by Lindsay Bamfield
a shot of vodka
‘That woman’s got claws into him.’ Malika handed me a cup of coffee and proffered biscuits. I didn’t need to ask who she meant. ‘Volunteer!’ she added with a snort. ‘She’s nothing but a gold miner.’
‘Digger,’ I corrected but Malika was off again.
‘Four times she’s take him out this week. Four. And he’s secret.’ I didn’t say anything about Arti being entitled to privacy but there was no doubt he was becoming less forthcoming about his new acquaintance.
We’d both been surprised when Arti told us he had a girlfriend. He was 76 and, as Malika put it, ‘wasn’t a lot to Skype home about.’ She’d been his housekeeper since he had a stroke four years ago and I’m his physiotherapist since a second stroke, two months ago, affected his walking making him, in Malika’s words, ‘unsteady on his needles.’ He’d met the woman at the day centre where he attended sit-down-yoga and art classes.
‘I mean to say,’ went on Malika, ‘he’s a lovely man but I think not in the jiggle jiggly department.’
But Arti was delighted with his girlfriend and invited her to tea to meet us both. Malika answered the door. The woman came tottering in on ridiculous shoes, and carrying a huge designer handbag. We both took an instant dislike to her. I couldn’t decide whether she really was only in her forties or had had a very good surgeon although her lips looked curious. What really upset us was how she asked for a guided tour of Arti’s beautiful north London house and spent more time than necessary looking at his collection of antiques and paintings. I caught her taking a surreptitious photo of some on her phone.
Arti’s friend and financial advisor, called me a few days later in some distress. He asked me if, in my professional opinion, Arti was of sound mind. I assured him I was sure he was.
‘I was afraid you’d say that. He’s been spending loads of money and he’s changed his will in that woman’s favour. The lot,’ the friend confided. ‘He has no family, so Arti was leaving it to various charities apart from one or two small bequests. He’s a wealthy man. I think she’s coerced him.’
Legally there was nothing anyone could do. Arti may have been love struck but apart from that he was compos mentis.
Soon after the change of his will the woman’s visits, let alone outings, began to decline. She would promise to visit and let him down. Arti became distraught and soon shared the opinion of his best friend, Malika and me. ‘I am a foolish old man and I made a dreadful mistake,’ he said one Friday afternoon. ‘On Monday I will see my solicitor.’ He phoned and made the appointment.
On Saturday Arti suffered another serious stroke. I went to see him in hospital. Malika was already there. His speech was badly impaired and he was very agitated. It wasn’t a good sign. Arti was a very sick man.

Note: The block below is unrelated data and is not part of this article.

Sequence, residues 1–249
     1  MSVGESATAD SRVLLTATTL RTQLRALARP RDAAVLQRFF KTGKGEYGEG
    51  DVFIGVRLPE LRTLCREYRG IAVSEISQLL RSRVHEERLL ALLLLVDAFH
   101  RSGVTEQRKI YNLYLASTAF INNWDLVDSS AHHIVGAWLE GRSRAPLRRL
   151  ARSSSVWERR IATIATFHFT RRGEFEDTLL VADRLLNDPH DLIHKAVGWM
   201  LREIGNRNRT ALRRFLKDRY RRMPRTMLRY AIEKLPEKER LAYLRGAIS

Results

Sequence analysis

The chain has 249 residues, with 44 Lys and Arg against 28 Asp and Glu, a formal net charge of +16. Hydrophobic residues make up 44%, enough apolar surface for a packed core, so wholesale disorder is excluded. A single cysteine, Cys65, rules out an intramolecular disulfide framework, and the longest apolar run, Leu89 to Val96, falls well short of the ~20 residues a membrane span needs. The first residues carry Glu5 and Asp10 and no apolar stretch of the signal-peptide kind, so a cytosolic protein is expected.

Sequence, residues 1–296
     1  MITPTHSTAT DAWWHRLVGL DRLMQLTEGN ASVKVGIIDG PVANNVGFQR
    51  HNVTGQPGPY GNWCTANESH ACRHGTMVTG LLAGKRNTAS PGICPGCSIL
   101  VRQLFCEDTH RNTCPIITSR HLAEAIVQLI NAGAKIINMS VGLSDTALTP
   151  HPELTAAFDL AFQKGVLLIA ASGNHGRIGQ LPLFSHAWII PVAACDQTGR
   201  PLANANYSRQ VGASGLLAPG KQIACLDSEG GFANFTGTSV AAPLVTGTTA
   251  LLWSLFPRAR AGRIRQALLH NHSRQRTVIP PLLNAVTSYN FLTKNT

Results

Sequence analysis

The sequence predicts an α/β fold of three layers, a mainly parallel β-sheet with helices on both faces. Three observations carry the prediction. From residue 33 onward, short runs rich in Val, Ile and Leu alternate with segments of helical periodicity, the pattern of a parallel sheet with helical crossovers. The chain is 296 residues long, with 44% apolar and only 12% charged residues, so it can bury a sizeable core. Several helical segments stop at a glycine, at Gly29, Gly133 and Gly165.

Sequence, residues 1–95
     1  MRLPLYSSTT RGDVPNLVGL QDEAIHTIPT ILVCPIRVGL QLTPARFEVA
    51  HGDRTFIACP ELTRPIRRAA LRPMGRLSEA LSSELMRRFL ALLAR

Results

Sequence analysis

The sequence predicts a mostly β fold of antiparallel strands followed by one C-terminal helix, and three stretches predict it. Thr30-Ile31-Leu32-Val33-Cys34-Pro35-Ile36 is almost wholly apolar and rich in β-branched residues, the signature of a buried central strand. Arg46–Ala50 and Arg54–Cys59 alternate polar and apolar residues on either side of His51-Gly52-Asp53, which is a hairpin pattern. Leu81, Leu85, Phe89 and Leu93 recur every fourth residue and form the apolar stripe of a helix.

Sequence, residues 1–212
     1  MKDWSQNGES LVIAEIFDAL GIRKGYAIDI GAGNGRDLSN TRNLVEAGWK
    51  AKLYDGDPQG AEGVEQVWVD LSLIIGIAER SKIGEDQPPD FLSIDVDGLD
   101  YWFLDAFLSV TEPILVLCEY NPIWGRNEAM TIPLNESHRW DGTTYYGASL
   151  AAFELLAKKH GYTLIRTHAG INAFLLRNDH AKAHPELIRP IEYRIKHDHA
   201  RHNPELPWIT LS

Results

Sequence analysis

‘Can we call lawyer to come here?’ whispered Malika to me. But I doubted Arti would be in any fit state to make his intentions known.
He died that night.
‘That wicked witch bitch,’ said Malika bursting into tears when I next saw her. ‘He was a good man.’
There were only three of us at Arti’s cremation. The will was read and I was pleased that Malika had been left some of the antiques. His friend inherited the paintings but the wicked witch bitch got his house and his considerable bank balance and portfolio.
On the last day Malika gave the house a final clean and, as arranged, I gave her a lift to the solicitor to hand over the keys and then took her to the station. No longer employed, she’d decided to go back home to Poland. All her belongings had been couriered on ahead.
‘Can I ask you a favourite?’ said Malika. ‘Can you drive past house on your way home and see if there is a flooding. I have arranged it to flood so evil Witch Bitch get a very nasty surprise when she come to the house. I think the bath will fall down to the ground. I block up the pipes where the water goes out with cement and I leave all the taps splashing away.’
I almost ran a red light.
‘Maybe Witch Bitch will look at big hole in ceiling and bath falls down and squash her dead. Oh dear, I am very bad woman.’
We drew into the station car park. ‘No, Malika, you are a wonderful woman,’ I said. I kissed her goodbye.
When I drove past the house for the final time, water was cascading through the front door. I drove home. I texted Malika. ‘Plan working beautifully.’
About the author
Lindsay Bamfield has had a number of short stories and flash fiction published in online journals, magazines and anthologies including Mslexia, Stories for Homes 2, Dress You Up, Yours and Flash Flood Journal. Follow her on Twitter @LindsayBamfield.